FOX 31's Eli Stokols:
Udall asked Hagel three questions during the hearing, focusing on Israel and the threat of a nuclear Iran, issue of cyber security and whether Hagel will ensure that gays are treated equally in the military.
“Will you ensure that the Dept. of Defense, in accommodating religious beliefs or matters of conscience, does not tolerate discrimination or harm to others?” Udall asked.
“Absolutely. I will faithfully, diligently enforce our laws,” Hagel responded. “All men and women deserve the same rights and I can assure you that that will be a high priority, that I will enforce that and assure that in every way throughout the entire line, the chain of command and accountability.”
Leading to this statement from Sen. Mark Udall's office late yesterday:
"Sen. Hagel showed me today and throughout his confirmation process that he understands the issues facing the U.S. military, and that he agrees we need to pursue a smart, but tough national security policy. I believe he will stand with Israel and our allies, take every necessary step to prevent a nuclear Iran, treat all service members equally regardless of their sexual orientation and strengthen our cybersecurity," Udall said. "Without question, Chuck Hagel will bring his remarkable experience as both a combat veteran and an outspoken Senate leader to the Pentagon. I intend to support Sen. Hagel’s confirmation as our country's next Secretary of Defense."
Udall met with Hagel in mid-January to discuss a wide range of issues, including appropriate levels of military spending and his concerns about Hagel's past statements about Iran and the United States' relationship with Israel. During that meeting and at the hearing today, Udall pressed Hagel to affirm that every option is on the table with regard to Iran's potential acquisition of nuclear weapons, including the use of military force. Then and today, Udall also urged Hagel to support the Department of Defense’s role in leading cybersecurity efforts and training warriors in Colorado for this new battlefront.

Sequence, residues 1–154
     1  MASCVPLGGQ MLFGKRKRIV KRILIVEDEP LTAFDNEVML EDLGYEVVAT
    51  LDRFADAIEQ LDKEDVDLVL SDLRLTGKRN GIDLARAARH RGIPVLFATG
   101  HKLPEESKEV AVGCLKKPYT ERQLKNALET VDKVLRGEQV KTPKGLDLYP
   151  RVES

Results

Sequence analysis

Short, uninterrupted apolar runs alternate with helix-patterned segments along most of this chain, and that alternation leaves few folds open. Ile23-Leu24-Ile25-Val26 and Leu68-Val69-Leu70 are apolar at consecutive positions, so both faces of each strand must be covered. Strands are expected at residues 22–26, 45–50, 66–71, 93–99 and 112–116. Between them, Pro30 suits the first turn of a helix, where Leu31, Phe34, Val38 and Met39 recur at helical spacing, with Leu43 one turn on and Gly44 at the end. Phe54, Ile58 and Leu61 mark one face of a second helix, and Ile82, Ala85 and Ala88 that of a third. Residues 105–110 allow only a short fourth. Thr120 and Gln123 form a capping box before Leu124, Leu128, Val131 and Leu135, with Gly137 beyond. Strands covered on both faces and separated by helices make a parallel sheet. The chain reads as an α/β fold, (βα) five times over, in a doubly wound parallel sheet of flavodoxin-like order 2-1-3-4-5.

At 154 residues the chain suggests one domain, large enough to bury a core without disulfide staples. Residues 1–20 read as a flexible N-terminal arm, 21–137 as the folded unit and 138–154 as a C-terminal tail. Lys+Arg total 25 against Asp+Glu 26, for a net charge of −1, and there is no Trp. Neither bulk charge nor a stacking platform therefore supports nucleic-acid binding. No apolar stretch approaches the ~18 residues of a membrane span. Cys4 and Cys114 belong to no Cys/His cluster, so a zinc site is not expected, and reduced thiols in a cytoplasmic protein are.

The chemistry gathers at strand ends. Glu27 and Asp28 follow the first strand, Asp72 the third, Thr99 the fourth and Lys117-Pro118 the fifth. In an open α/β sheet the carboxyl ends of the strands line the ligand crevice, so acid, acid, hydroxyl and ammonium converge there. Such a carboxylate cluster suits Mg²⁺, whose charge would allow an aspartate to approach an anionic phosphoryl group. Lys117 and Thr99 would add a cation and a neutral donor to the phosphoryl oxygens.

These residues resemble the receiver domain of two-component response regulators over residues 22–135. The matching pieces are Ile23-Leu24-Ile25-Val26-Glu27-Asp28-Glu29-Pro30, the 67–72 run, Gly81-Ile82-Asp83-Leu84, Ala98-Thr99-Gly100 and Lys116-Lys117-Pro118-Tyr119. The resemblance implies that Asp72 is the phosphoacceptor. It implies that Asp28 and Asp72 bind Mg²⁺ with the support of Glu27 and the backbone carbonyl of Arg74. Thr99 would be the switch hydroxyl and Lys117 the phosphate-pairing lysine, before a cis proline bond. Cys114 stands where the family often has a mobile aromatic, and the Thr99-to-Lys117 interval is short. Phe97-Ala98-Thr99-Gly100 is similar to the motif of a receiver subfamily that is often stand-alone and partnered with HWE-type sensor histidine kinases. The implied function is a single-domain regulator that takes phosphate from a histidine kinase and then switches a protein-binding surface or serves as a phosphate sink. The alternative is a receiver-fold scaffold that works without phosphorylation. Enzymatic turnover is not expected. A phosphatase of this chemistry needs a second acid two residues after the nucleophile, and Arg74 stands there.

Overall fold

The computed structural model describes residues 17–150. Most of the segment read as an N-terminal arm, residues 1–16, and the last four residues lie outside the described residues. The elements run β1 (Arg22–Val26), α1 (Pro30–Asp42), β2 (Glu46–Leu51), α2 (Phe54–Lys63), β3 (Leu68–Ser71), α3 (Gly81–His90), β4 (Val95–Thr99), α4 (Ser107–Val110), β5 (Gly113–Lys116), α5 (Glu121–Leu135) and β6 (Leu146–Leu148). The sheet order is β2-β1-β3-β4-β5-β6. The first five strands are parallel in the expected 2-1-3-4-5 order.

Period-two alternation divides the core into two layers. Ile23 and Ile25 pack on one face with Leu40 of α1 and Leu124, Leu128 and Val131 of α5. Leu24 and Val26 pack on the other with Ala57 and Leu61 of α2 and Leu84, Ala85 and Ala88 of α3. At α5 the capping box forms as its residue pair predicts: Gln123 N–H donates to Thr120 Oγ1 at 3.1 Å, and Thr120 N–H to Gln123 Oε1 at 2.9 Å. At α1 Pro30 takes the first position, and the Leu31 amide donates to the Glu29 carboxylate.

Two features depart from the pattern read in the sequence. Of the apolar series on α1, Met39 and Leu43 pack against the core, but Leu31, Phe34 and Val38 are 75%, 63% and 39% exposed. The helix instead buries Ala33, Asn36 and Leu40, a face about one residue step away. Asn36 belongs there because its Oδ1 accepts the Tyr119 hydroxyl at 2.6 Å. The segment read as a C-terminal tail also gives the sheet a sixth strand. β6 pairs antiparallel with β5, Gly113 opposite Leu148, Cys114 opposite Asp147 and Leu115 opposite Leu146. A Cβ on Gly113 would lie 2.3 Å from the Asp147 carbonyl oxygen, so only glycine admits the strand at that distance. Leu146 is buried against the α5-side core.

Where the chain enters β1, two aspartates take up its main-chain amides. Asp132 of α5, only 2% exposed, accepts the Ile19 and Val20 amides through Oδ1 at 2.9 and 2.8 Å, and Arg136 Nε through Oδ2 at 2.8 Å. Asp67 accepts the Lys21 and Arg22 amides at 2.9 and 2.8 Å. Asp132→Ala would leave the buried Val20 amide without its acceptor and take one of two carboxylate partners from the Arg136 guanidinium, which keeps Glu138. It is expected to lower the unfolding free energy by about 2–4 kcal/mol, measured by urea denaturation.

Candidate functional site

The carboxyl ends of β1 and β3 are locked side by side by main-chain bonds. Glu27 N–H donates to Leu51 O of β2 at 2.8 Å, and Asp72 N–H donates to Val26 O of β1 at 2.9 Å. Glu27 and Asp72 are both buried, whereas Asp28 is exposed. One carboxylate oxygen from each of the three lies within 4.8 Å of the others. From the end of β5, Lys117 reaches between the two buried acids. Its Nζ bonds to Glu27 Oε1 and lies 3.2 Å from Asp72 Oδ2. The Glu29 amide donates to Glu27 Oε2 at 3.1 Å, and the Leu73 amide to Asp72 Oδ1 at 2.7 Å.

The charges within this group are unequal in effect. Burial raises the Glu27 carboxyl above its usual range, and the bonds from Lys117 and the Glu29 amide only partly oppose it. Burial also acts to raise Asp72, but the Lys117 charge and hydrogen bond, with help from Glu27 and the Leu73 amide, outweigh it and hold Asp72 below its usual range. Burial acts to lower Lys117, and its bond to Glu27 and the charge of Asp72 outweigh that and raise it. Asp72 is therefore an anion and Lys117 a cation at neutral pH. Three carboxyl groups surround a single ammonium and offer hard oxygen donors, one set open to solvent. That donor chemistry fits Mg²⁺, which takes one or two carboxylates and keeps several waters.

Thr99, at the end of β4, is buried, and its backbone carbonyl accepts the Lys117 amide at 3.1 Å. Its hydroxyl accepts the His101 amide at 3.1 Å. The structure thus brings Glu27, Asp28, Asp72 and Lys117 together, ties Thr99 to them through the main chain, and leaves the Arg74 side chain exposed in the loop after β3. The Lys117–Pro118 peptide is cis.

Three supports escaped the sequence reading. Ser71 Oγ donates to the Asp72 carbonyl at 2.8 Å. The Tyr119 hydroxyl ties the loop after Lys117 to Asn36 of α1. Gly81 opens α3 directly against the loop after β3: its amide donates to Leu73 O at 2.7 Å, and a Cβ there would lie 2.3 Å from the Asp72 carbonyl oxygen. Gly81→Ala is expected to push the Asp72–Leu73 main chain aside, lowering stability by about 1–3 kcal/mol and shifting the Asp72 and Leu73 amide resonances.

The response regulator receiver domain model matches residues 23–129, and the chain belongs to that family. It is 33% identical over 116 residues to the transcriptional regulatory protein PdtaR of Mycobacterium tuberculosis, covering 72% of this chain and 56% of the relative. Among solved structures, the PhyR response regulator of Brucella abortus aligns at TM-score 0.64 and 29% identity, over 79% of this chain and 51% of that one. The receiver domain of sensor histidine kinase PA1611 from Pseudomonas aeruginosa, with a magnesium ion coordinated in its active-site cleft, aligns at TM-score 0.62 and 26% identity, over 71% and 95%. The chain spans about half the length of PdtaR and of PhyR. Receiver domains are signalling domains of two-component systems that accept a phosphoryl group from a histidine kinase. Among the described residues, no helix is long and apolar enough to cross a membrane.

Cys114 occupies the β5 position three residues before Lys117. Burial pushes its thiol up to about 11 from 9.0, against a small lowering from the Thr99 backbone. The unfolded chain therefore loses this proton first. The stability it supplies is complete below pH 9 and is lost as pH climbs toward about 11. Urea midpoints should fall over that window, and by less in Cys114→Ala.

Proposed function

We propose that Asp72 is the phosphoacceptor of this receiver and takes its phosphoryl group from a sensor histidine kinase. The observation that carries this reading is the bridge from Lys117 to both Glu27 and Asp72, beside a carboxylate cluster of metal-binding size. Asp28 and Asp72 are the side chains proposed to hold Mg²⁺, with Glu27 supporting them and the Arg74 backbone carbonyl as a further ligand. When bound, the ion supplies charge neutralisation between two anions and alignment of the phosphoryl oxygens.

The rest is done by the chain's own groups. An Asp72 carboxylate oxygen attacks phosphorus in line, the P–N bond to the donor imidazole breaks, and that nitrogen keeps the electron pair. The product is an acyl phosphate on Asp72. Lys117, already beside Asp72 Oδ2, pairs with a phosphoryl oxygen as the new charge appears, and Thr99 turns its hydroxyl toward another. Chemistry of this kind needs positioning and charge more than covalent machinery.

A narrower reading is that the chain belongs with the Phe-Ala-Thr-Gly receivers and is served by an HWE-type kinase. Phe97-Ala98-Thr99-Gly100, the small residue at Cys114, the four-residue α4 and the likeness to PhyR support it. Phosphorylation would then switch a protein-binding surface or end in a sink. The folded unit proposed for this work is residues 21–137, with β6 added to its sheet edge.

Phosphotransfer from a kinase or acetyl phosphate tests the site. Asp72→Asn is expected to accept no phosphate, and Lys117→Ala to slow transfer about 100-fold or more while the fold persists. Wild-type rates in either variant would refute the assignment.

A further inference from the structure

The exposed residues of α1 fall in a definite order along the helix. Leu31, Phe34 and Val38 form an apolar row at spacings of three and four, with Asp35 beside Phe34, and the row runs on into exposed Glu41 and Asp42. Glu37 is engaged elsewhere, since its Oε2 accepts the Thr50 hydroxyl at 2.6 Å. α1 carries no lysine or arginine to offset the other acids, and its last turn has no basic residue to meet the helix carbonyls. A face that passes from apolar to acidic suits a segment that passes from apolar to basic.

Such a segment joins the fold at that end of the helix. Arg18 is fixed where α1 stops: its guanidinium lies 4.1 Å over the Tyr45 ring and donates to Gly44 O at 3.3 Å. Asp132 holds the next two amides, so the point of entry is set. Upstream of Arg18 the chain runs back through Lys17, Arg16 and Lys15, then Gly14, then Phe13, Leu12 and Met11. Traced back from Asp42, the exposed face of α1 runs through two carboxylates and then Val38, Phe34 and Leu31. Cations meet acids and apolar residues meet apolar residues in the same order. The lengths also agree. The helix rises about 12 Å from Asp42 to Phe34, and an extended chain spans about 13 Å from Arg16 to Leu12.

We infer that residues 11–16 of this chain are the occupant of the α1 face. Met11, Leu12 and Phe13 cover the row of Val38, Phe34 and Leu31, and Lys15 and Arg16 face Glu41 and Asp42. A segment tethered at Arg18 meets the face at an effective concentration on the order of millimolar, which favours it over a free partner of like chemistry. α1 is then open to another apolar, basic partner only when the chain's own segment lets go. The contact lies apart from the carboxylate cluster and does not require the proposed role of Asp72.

Udall, who led efforts to repeal the discriminatory Don't Ask, Don't Tell Policy, also successfully pressed Hagel today to clearly state that all service members will be treated the same, regardless of their sexual orientation.
Bottom line: even though former Republican Senator Chuck Hagel had already made many assurances that he had matured from prior negative statements about an openly gay man nominated for a diplomatic post in 1998, there was of course a need for the matter to be aired in public. Everything we've heard suggests that the LGBT advocacy community–a very powerful force in Colorado politics–is satisfied with Hagel's answers on the subject yesterday. Hagel's frankness on issues like the Iraq war predispose him favorably to most Democrats including Udall, so with this matter addressed, his approval, at least by the Senate Armed Services Committee, is looking better.
With 53 Democrats plus two independents who vote with the party in the Senate, Mr. Hagel, 66 years old, would seem to have enough support to win approval. Republicans now face the potentially explosive decision about whether to filibuster his nomination, which would mean Mr. Hagel would require the support of 60 senators.
An outright filibuster of a cabinet nominee would be unprecedented. Senate records reflect no instance of a filibuster being used to block a cabinet nominee, although nine have been defeated outright, without filibusters, and another 12 were withdrawn, sometimes in the face of a filibuster threat. Such a move also would engender Democratic anger and bitterness that could spill over into other areas.
We'd say maybe this quibble over the "surge" isn't worth a knock-down drag-out brawl, but we'll have to wait and see if John McCain agrees.